Another key aspect of sustainability reporting is goal setting. It is difficult for a company to set tangible goals for business operations, and even harder to explain these goals in a way that provides concrete steps for reaching them. Therefore, articulating clear goals, tracking performance and being transparent about progress makes it much easier to engage any audience. At Thornton Tomasetti, goal-setting was a major prerequisite to our report; now we have meaningful data and detailed steps on how to stay on track for success.

 

Read about Campbell’s recent sustainability report for another example of effective goal setting.

 

Finally, you must report with balanced transparency. Some people think a sustainability report should only tell the story of a company “doing good,” but this approach limits your ability to address issues and plan for improvement. For example, gloating about how much you donate to charity, rather than discussing the environmental impact or community benefits of your business practices, blurs the lines of a company’s priorities. Corporate sustainability can’t be acquired just by writing a check; companies must tie actions back to business goals and strategically integrate these actions into their core values. This type of transparency better equips a company to identify and manage risks that are most impactful to future success.

 

Embarking on an inaugural sustainability report can be daunting, but good preparation will provide a strong framework for getting started. Being diligent about collecting data, setting goals, tracking progress and involving a variety of stakeholders will arm you with the information you need to showcase the purpose and impact of your work in a meaningful way.  Click here to view a list of more sustainability reporting tips to help you get started!

 

Have you created a sustainability/CSR report?  Has it increased your engagement with stakeholders (employees, customers, suppliers, shareholders, community, etc.)?

 

 

by Renee Charney, President, Charney Coaching and Consulting

On Monday of this week I attended the annual conference sponsored by the New Hampshire Businesses for Social Responsibility (NHBSR) — and img_0070_0_0.jpgwhat a fantastic day it was! The attendees spanned small, medium, and large businesses across northern New England that are focused on, and dedicated to, providing the means for their employees to develop practices in sustainability and social responsibility. Interests ranged from environmental and people engagement, to energy efficiency and volunteerism. Everyone came to hear sessions on a variety of relevant topics (including a keynote by Honest Tea co-founder Seth Goldman).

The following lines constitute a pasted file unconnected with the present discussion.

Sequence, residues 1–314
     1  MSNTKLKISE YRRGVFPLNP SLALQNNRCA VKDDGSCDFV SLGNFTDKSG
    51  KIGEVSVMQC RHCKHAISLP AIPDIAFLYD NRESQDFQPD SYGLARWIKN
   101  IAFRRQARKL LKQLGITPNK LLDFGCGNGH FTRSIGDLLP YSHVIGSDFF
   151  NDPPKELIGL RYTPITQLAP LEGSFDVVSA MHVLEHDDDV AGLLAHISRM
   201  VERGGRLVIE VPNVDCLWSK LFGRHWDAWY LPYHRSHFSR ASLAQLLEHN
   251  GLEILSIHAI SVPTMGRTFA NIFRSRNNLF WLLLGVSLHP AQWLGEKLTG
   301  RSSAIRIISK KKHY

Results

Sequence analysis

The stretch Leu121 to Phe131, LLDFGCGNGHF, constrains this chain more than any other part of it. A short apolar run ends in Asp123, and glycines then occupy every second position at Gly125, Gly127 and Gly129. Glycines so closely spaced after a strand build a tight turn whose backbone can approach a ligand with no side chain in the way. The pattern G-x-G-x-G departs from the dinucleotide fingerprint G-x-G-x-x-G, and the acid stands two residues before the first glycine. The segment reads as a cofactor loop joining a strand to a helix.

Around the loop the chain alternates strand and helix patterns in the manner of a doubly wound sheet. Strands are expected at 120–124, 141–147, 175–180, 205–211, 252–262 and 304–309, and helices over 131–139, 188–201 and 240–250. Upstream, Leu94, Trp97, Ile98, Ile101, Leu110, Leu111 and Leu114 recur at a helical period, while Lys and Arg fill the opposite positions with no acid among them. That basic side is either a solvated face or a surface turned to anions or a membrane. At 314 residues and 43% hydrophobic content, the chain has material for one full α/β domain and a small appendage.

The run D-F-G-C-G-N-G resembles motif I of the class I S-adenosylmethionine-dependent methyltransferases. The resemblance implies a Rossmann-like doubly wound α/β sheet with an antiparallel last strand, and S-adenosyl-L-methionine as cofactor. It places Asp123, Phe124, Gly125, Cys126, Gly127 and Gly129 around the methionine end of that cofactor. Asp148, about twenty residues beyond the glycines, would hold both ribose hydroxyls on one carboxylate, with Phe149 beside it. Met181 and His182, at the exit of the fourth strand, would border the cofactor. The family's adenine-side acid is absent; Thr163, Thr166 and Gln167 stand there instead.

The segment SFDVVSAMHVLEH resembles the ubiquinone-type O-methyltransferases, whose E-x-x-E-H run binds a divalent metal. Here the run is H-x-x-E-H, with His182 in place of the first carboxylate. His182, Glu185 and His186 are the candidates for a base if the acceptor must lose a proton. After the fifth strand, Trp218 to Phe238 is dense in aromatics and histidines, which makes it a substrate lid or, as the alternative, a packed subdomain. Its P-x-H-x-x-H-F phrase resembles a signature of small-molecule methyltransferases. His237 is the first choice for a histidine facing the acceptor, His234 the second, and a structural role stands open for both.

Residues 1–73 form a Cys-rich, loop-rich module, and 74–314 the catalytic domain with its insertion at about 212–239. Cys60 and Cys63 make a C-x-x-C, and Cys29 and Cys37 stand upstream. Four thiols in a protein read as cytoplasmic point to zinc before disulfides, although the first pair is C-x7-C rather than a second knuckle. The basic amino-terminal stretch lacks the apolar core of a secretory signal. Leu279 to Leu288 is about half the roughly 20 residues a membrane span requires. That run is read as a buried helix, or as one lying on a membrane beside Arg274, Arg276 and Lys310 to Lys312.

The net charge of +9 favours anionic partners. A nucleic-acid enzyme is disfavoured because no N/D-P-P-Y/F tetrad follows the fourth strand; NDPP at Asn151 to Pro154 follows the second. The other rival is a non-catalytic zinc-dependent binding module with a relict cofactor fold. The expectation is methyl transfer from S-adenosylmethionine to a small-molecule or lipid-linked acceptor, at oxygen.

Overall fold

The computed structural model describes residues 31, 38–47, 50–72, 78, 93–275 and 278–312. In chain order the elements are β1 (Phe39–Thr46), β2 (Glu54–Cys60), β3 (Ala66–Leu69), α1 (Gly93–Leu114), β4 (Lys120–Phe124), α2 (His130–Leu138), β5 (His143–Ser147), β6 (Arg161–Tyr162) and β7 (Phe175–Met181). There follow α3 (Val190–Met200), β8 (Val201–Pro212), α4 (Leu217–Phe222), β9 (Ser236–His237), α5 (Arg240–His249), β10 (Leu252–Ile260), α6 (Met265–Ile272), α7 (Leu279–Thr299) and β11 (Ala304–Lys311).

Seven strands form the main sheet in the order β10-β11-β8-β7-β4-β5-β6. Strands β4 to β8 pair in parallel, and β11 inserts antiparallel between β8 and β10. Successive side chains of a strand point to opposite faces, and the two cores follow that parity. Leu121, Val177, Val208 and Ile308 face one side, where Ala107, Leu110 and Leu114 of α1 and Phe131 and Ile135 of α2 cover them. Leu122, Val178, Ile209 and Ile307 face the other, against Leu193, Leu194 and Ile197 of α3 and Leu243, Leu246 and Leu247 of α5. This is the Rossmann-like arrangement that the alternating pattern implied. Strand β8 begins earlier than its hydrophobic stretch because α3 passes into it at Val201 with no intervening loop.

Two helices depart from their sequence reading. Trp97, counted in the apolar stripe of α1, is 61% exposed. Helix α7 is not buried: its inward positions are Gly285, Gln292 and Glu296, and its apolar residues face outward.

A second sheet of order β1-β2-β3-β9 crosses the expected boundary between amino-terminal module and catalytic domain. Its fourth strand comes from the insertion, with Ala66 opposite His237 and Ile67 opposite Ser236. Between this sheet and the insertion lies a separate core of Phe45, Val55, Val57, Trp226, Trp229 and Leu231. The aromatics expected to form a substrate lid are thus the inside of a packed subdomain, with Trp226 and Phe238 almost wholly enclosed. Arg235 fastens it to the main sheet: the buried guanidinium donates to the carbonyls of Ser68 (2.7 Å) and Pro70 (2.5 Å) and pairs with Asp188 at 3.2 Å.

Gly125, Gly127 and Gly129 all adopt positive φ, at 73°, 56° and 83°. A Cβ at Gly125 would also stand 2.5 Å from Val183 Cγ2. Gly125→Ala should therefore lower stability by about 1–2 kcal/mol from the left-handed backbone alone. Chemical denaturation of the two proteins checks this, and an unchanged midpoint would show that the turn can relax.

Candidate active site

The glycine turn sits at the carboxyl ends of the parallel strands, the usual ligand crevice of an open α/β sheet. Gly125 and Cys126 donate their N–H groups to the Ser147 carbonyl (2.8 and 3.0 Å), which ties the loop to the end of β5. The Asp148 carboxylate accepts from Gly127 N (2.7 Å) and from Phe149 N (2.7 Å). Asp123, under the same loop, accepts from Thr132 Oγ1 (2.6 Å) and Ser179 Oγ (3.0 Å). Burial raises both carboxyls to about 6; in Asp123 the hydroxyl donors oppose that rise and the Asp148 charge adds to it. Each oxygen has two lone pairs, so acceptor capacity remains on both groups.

There was also a series of exhibitions offering services that support sustainability and social responsibility, and an energizing power-panel of leaders who provided their view of the trends we can expect with regard to sustainability and social responsibility in our communities and organizations.

I was fortunate enough to participate as a facilitator for one of the breakout session topics (we called them Huddle Ups). These were seeded by gathering interest from conference registrants during the registration process; the Huddle Ups were truly their sessions, conversations that struck to the heart of their challenges and hopes for their organizations.

The day was fulfilling and rich with learning.

The conference theme was “Just One Thing” – a simple message – conveying the notion that individuals or organizations do not need to implement a large, complex initiative to gain a commitment to sustainability; it takes just one thing (a small step) to begin the journey.

The most important aspect of the conference was this message – Just One Thing – that everyone understood to mean this: that the efforts of each ccc-staircase-first-step-225x300.jpgand every one of us can help to sustain our environment, employees, and communities, and that these efforts can be simple and inexpensive, yet still impactful. One brilliant and simple suggestion that I heard from a participant in my session was about reducing the size of the trash cans in each office, a simple way to develop an overall awareness (and habit) of generating less waste. Another idea was to offer volunteer days with pay so that employees could offer their services to a needs-based organization of their choice, a way known to deepen the meaning that workplaces have for employees. Another was to have the employees create a “12 Steps to Sustainability” campaign and to dedicate a step (or initiative) for each month of the year. By year’s end, they could then celebrate seeing the fruits of their efforts.

The NHBSR message of Just One Thing is both powerful and simple; it doesn’t take much to make an impact. In fact, the smallest steps can sometimes be the most impactful overall; those small steps can make a difference to a few or to many—it matters overall. What matters is that we have a chance to connect our whole lives through our work, family, and community. When we have the opportunity to do that, our lives make so much more sense overall. What is just one thing that you can do?